For anybody that has any real interest in baseball, or writing about it, anyway, there’s only one story to write about yesterday. The National Baseball Hall of Fame Class of 2013 is . . . nobody. This isn’t the first time this has happened. You can pretty clearly see the gaps on the list over at Wiki. The last time the writers association failed to vote somebody in was 1996. And, well, that ballot was nowhere near as stacked as this year’s ballot. That year’s vote turned out as follows.
Phil Neikro: 68.3% - Inducted 1997
Tony Perez: 65.7% - Inducted 2000
Don Sutton: 63.8% - Inducted 1998
Steve Garvey: 37.2% - Not in, Fell Off Ballot 2008
Ron Santo: 37% - Inducted 2012
Tony Oliva: 36.2% - Not in, Fell Off Ballot 1997
Jim Rice: 35.3% - Inducted 2009
Bruce Sutter: 29.1% - Inducted 2006
Tommy John: 21.7% - Not in, Fell Off Ballot 2010
Nobody else cracked 20% that year, nor did anybody else make a dramatic move and get voted in. This year’s balloting with an awfully stacked class looked like this:
Craig Biggio: 68.2% - 1st Appearance
Jack Morris: 67.7% - 14th Appearance
Jeff Bagwell: 59.6% - 3rd Appearance
Mike Piazza: 57.8% - 1st Appearance
Tim Raines: 52.2% - 6th Appearance
Lee Smith: 47.8% - 11th Appearance
Curt Schilling: 38.8% - 1st Appearance
Roger Clemens: 37.6% - 1st Appearance
Barry Bonds: 36.2% - 1st Appearance
Edgar Martinez: 35.9% - 4th Appearance
Alan Trammell: 33.6% - 12th Appearance
Larry Walker: 21.6% - 3rd Appearance
Fred McGriff: 20.7% - 4th Appearance
One part of the problem seems apparent without even looking at the names. The second list is much longer, and I used the same 20% cut-off on both lists. There are simply a ton players with Cooperstown-worthy numbers coming up with this ballot. And, as you might note, there are an awful lot of first ballot guys on that list. And that’s only going to get harder, as you can see about halfway down on this Wiki article. There is a ton of talent coming down the pike, and I don’t really see but a couple of those players with the steroid cloud hanging over their career.
And, well, the writers certainly made a statement. Going straight by the numbers, Clemens and Bonds especially should be first ballot hall of famers, no question. Just for home run numbers, even if their games were limited otherwise, Sammy Sosa and Mark McGwire didn’t come close to cracking 20%. Rafael Palmeiro, who has both 3,000 hits and 500 home runs,* something only four players have been able to do, couldn’t even struggle up to 10% in his third year. With that statement, though, I’m pretty surprised Biggio didn’t get in. I would have thought a lot of writers would have gone out of their way to vote for him and maybe even somebody like an Alan Trammell to make a point of voting for guys without steroid accusations. Still, I think Biggio will get next year.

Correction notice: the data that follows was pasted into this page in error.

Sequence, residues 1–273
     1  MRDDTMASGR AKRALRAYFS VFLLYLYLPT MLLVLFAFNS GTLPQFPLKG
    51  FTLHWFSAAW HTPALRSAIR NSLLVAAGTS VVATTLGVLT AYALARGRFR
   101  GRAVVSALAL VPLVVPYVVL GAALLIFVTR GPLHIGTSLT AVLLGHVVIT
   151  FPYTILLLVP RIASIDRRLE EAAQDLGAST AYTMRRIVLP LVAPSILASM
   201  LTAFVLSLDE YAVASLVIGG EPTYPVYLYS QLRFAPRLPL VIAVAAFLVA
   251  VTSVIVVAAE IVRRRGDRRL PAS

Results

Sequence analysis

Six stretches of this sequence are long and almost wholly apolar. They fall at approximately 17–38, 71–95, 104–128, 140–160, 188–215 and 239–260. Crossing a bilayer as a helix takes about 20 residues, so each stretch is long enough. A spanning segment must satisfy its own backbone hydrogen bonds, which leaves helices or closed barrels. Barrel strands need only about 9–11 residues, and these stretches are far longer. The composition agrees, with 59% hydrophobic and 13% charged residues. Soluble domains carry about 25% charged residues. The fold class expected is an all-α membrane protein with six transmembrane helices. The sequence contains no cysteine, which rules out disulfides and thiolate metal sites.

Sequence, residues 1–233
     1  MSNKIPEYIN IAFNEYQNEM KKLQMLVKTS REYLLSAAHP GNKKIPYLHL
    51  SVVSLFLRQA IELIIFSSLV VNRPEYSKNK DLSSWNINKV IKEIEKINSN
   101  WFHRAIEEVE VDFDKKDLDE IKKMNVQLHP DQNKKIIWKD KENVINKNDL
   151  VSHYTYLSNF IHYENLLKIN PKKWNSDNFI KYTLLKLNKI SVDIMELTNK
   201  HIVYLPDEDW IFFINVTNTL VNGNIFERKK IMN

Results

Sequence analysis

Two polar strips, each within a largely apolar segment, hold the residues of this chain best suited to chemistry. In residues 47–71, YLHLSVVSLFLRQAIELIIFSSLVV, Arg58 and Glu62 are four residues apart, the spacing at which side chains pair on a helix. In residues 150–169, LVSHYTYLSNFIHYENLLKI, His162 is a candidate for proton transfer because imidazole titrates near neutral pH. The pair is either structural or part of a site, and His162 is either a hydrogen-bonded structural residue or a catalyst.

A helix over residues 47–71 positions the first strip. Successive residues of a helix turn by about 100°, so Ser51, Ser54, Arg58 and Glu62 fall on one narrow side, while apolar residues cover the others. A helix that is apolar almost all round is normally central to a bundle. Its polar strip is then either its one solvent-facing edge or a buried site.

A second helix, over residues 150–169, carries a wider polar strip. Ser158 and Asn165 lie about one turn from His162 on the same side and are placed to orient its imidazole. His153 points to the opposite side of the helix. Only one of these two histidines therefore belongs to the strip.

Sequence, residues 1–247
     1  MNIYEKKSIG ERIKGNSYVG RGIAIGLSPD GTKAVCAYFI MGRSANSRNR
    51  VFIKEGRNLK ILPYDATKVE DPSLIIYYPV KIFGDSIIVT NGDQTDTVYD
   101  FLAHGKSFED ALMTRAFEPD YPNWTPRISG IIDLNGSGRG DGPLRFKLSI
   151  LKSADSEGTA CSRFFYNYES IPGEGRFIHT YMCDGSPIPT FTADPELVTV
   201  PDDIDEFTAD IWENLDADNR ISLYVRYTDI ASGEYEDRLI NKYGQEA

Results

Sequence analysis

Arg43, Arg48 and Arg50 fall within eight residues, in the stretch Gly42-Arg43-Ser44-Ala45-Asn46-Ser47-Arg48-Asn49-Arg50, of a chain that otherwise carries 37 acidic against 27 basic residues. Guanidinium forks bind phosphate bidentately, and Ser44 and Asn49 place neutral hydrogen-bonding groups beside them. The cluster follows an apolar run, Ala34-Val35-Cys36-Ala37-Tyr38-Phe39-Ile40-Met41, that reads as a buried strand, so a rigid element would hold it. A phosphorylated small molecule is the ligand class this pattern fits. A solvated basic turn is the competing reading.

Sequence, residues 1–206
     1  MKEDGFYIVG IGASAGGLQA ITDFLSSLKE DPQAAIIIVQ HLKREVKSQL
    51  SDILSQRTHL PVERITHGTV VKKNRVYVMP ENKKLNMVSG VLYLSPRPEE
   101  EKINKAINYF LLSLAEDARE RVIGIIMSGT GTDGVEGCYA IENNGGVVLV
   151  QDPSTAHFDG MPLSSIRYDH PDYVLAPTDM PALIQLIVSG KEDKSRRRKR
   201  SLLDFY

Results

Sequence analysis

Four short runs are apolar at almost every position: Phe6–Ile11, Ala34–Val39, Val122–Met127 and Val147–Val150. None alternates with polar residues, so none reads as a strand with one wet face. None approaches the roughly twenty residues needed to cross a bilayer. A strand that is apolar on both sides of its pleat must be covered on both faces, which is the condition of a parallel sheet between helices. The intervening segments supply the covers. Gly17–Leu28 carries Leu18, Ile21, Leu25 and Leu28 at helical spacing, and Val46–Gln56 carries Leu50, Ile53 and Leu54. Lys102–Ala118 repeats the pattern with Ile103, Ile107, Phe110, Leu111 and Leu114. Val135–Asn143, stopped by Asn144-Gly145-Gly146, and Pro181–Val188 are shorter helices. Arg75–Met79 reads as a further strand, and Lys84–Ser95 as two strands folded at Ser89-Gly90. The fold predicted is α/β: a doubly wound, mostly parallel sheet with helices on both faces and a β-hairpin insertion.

*Both numbers that I"m sure most of you are aware would usually get you to Cooperstown on their own.
And if he doesn’t, well, that’s just because who is coming up on the ballot, when you’ve got a ton of guys who are both thought to be clean and friendly with the media. That might really make things complicated for Bonds and Clemens when they start to get crowded out by guys like Tom Glavine, Greg Maddux, and maybe even Frank Thomas.* And right behind them are Randy Johnson, John Smoltz. They might get a bit of a break in 2016, because the only slam dunk I see there is Ken Griffey Jr.
*I thought about including Jeff Kent, but I couldn’t even keep a straight face typing that.
Now, the million dollar question for every baseball writer. Is this the right course of action? Not to find a cop-out, but it’s really hard to say. Everybody has their own idea of the Hall of Fame and their own interpretation of the “character clause.” Add in the very subjective idea of “right,” and the waters get muddied quick.
But, here’s the rub against “protecting the Hall” from the steroid guys. Sure, they all fit into a larger narrative about baseball, this country, and history. Baseball takes itself very seriously like that, which is both its charm and its curse with fans. But it’s certainly there. Furthermore, these players are the representatives of their era. The Hall of Fame’s full name is The National Baseball Hall of Fame and Museum. And as part of that oft-forgotten last part, a huge mission of the Hall is to tell this story of baseball, which means you’re going to have to speak to every era. It’s unfortunate to be sure, but the steroid era of the 90’s and early 2000’s is part of the game. I don’t see how you can tell the story without these guys. That doesn’t mean you necessarily sugarcoat over these things on their plaque, as much as that might upset some guys. Especially a guy like Clemens, who you might remember went to trial and won when he was supposed to have no chance. But it’s part of the story, and a part of the story that should be told, just as much as the Black Sox scandal and the wild days of John McGraw should be remembered, even if they are not so glorious as the Golden Age of the 50’s through, oh, we’ll say the 70’s. If you want to tack the 80’s on there, I’ll listen, but all the artificial turf and track teams water it down for me. On that same note, if you want to stop the Golden Age in the 60’s, I’ll listen to that, too. Those are the much more fun debates than the one we’re currently having over Cooperstown right now.
And on that note, if you haven’t been to Cooperstown, you really need to go. It’s been some time since I’ve been, but I can honestly say it might have been the most magical place I’ve ever been. If you have the slightest interest in baseball, you would be a fool not to make the trip at least once.